“But why bother with the pittance from gulling that silk-merchant, when we’ve got a big score coming?” asked the half-elf. “Don’t we risk getting the Watch involved?”
“No risk of that unless you really do trip, Mel,” Milanthedes said. “You know the blow-off on that gaffle is good. Besides, one must keep in practice. When’s the last time I didn’t have several balls in the air?”
The half-elf nodded silently again. Although the oldest of the three in years, she was the newest to the trade, and still had much to learn.
* * *
“Two hundred gold orbs, as promised,” said the Medegian, flanked by his great-helmed bodyguard, as he plopped a large purse on the table before the nobleman. It landed with a distinct clinking sound, causing more than a few heads to turn in the main room of the Gold Dragon Inn. “And it has been a pleasure doing business with you, Lord Melthwait.”
Lord Melthwait, a young man with intense blue eyes and a head of shiny black hair, had to catch himself from reaching out for the bag too hastily. It would simply not do to let this foreign merchant know just how badly he needed that doubling of his investment.
“Of course, of course, my good Pellinar. And you. It’s not every merchant who is so prompt with his promised payment. And even two days early!”
The Medegian merchant shrugged eloquently in his purple coat with the gold brocade, the line of his mouth straight, his brows ever-so-slightly furrowed. “It is both our good fortune that the ship bearing those beams of deklo wood came in early.”
“Well something troubles you, despite our good fortune. I can read it on your face.”
The Medegian seemed to struggle to recast his face with a modicum of cheer. “Oh, it has nothing to do with our deal, my lord. Simply frustration.”
“Frustration? With what? Out with it man!”
“Well, I’ve an opportunity to bring in five more shiploads of deklo wood, from the same source. My buyer has already said he’s got more than enough demand, and will take them all. But unfortunately another one of my ships was lost to pirates in the Woolly Bay but a week past, and I’ve no cash save the profit I’ve made from this one shipment. It’ll take a while before I see the right side of a thousand orbs any time soon, and the bankers who would extend me credit are in Mentrey, two months’ journey from here. I just hate to be forced to let the opportunity pass by. It’s offensive to my faith in Zilchus, god of merchants, and you know how devout I am.” He said the last with a wry grin and a twinkle in his eye, but all still tinged with regret.
The young lord’s eyes darted to and fro, desperately seeking a way to extend his profit from this proverbial golden goose. The man could be trusted, this was certain; the return of his investment, plus the promised interest, was proof of that. But a thousand orbs? He didn’t have anywhere near the sum himself, and was certain none of his spendthrift friends would, either. Then again, he himself was a wastrel as well, but of course he would never admit that fact to anyone, especially himself.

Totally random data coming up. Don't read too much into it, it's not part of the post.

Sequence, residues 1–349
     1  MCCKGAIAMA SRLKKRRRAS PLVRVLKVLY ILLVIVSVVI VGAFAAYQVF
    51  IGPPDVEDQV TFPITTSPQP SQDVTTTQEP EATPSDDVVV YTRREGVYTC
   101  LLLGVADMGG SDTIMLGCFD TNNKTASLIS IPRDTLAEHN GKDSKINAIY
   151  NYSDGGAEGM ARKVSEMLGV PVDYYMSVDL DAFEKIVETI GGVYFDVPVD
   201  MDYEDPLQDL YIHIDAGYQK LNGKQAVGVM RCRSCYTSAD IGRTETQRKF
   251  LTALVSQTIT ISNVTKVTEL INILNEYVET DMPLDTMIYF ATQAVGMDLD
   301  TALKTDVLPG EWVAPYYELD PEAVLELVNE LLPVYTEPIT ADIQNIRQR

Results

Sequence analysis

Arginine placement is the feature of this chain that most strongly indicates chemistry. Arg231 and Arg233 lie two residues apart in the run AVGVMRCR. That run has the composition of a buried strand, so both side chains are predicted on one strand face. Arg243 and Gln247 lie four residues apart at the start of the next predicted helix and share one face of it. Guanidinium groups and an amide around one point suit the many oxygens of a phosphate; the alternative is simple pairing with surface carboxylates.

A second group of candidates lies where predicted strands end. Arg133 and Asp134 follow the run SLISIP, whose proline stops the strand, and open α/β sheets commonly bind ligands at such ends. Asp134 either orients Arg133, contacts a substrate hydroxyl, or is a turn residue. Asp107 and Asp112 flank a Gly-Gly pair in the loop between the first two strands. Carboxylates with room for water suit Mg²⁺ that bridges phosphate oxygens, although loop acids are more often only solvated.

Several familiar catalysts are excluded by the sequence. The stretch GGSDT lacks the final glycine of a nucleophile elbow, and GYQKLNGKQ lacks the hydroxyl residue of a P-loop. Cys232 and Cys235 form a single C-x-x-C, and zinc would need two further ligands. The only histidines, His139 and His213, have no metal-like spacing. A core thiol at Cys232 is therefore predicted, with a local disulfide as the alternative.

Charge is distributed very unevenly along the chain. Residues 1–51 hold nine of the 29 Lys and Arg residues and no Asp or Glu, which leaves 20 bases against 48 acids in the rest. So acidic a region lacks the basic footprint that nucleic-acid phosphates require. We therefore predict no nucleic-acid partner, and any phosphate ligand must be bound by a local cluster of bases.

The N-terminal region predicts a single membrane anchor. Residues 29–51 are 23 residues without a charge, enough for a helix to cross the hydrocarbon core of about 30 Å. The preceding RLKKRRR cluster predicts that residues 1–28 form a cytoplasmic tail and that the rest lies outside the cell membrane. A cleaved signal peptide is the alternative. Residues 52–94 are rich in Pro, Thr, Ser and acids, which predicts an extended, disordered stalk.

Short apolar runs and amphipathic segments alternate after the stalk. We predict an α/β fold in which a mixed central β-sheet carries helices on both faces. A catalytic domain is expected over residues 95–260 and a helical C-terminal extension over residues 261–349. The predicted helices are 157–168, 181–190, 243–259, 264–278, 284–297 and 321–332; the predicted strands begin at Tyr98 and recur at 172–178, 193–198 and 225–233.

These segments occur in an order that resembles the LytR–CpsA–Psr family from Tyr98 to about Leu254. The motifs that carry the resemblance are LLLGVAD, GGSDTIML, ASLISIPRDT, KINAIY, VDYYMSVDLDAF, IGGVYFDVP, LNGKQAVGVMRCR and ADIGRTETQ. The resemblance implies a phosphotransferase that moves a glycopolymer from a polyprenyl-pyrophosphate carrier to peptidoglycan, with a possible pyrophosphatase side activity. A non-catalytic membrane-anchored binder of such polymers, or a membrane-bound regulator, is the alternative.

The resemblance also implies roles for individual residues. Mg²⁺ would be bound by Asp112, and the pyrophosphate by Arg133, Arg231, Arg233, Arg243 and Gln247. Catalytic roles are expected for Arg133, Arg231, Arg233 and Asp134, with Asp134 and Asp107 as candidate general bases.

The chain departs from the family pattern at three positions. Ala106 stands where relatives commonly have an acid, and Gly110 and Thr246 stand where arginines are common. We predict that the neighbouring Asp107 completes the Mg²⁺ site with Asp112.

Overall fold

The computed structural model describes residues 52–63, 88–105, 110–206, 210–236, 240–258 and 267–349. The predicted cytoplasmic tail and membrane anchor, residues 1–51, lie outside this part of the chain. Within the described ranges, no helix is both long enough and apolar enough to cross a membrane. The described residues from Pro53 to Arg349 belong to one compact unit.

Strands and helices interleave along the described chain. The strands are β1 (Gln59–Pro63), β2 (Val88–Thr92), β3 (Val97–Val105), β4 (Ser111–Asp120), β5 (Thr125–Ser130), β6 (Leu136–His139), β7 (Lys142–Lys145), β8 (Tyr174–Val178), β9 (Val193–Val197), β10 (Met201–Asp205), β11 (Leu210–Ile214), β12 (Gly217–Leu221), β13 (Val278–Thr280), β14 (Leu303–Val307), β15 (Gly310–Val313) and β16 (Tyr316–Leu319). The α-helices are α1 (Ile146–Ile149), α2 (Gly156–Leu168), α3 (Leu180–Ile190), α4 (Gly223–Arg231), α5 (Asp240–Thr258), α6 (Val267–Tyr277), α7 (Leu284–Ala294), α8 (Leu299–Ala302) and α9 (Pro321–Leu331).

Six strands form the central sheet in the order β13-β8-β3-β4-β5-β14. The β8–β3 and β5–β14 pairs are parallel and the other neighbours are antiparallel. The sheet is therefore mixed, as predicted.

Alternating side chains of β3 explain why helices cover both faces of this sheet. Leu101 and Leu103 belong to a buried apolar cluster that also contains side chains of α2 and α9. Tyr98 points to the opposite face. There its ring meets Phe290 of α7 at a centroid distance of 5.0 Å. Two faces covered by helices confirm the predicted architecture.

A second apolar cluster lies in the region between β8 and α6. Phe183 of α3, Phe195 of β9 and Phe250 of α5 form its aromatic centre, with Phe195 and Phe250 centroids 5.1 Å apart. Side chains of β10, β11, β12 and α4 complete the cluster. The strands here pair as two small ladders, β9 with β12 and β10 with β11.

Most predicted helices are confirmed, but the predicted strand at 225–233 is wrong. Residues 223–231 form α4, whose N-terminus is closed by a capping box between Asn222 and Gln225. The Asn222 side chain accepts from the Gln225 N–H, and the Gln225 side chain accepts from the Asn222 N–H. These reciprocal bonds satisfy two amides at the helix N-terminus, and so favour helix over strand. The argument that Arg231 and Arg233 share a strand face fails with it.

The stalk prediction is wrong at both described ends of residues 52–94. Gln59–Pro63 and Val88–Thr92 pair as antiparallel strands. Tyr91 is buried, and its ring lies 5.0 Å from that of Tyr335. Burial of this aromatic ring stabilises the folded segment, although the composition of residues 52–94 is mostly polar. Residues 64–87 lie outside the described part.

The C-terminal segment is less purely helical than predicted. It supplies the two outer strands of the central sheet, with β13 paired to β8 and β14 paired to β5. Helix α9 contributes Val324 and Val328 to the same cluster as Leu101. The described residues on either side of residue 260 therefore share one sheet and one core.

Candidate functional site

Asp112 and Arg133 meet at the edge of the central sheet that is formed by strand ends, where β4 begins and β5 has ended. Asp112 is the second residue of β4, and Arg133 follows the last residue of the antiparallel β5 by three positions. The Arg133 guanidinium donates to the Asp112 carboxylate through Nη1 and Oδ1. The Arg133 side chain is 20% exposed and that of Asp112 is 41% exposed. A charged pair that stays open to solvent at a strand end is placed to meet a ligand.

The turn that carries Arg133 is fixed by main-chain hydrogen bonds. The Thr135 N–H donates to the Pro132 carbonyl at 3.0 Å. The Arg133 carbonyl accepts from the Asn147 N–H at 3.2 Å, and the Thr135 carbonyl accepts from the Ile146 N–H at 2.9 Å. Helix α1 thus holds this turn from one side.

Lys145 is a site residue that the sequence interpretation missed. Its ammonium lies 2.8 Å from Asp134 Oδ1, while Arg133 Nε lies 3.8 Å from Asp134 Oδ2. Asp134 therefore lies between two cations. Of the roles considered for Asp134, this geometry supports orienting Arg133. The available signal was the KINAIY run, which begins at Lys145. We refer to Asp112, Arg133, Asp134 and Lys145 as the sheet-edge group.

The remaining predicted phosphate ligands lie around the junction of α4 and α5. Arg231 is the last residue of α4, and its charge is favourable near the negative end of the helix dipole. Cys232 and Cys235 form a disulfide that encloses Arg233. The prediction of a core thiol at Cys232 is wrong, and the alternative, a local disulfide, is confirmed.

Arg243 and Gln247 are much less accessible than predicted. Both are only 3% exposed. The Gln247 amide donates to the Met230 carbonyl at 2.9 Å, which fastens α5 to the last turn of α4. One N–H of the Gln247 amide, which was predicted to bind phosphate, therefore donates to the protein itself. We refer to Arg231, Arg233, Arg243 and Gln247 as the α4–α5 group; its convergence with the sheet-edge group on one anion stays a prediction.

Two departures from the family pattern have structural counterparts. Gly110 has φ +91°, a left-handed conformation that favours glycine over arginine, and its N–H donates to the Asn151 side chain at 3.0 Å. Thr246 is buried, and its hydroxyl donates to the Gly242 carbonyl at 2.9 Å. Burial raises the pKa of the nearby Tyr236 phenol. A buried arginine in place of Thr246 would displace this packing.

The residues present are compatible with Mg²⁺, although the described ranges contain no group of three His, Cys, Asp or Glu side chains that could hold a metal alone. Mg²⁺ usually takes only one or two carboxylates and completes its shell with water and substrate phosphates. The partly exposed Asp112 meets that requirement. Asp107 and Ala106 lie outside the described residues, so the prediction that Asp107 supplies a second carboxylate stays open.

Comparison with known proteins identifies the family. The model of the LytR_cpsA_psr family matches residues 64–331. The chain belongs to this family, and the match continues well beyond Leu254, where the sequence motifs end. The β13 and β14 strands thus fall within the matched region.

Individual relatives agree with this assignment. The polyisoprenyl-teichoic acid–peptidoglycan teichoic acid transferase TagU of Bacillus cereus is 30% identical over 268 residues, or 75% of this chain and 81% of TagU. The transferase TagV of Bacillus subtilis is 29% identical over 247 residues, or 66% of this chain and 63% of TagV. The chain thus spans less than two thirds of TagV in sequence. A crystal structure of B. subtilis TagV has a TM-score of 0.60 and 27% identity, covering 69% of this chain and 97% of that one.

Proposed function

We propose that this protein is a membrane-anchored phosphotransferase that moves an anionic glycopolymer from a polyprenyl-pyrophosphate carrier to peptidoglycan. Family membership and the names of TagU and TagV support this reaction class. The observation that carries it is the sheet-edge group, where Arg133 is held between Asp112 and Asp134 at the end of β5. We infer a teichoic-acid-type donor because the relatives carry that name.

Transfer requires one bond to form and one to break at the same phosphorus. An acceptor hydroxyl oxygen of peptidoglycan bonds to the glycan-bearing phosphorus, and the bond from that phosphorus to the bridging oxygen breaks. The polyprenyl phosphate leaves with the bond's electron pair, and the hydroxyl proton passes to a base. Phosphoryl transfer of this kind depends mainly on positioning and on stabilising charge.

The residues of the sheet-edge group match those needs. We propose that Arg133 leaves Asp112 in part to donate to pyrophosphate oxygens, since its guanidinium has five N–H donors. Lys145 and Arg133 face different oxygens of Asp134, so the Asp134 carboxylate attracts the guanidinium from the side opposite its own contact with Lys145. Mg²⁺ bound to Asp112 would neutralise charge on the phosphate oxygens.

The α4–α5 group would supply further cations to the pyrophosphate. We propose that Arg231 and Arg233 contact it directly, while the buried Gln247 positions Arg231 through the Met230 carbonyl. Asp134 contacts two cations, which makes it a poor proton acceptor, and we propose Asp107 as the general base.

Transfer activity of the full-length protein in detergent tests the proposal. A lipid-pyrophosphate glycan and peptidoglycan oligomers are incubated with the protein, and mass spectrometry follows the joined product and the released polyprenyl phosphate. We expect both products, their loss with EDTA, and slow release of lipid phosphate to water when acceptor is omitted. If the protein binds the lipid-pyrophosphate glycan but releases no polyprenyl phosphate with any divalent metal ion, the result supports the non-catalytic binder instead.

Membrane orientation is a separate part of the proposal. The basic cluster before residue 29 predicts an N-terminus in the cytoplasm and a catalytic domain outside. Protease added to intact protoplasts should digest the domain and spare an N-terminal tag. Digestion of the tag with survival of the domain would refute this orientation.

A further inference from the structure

Then an idea hit him.
“We’ve moneylenders here in Greyhawk, man!” he said. Then, straightening himself and casting an aristocratic bearing, “And I’m not without influence among certain of them, of the better sort, of course. What if I put in a good word about extending you the credit you need? It’d be paid back in, what, two months? With the same rate of return?”
The Medegian looked like a drowning man who had been thrown a line. “You would truly do this for me, my lord?”
“For us, my good Pellinar. For us.”
* * *
It turned out that it took more than just a good word to make the deal happen. Melthwait’s assurances about the trustworthiness of the Medegian merchant were insufficient to crack open the purses of Greyhawk’s moneylenders, much less obtain the needed thousand orbs for less than a full 100% interest. And that would leave no profit for Melthwait!
The inner office of Jaren Phillegger, a moneylender with a reputation as a social climber as well as a skinflint (but a scrupulously honest one), was dark and hot. A single oil lamp lit the place, which was without windows, and had but a single door, made of iron-bound bronzewood. The moneylender was scribbling on parchment himself, for he hated to waste money on scribes when he was perfectly capable himself.
“Now,” he said softly, as if each word cost an iron drab, with a surcharge for speaking loudly, “as to the collateral?”
Melthwait spoke, hesitantly. “I will…” he coughed slightly “…stake a lien against my ancestral manor in the Cairn Hills. That should be worth much more than a thousand gold orbs.” His nervousness was obvious; this was a property that had literally been in his family for seven generations. But the chance to get a thousand gold orbs…
The moneylender looked up slightly, squinting at Lord Melthwait’s face, as if to make sure it was he who spoke. Satisfied that his eyes were not deceiving him, he continued his writing, signed it, handed it to Melthwait to sign, and then brought a great seal from a drawer, stamped the document with an air of finality.
“I will have a strongbox delivered to your rooms at the Gold Dragon within the hour, my lord. And I shall see you on the third day of Patchwall, with either fifteen hundred gold orbs or a set of keys in hand.” He stood unceremoniously, and indicated the door with a wave of his hand. Melthwait noted the slight with distaste. In this room, wealth, not rank, told all.
* * *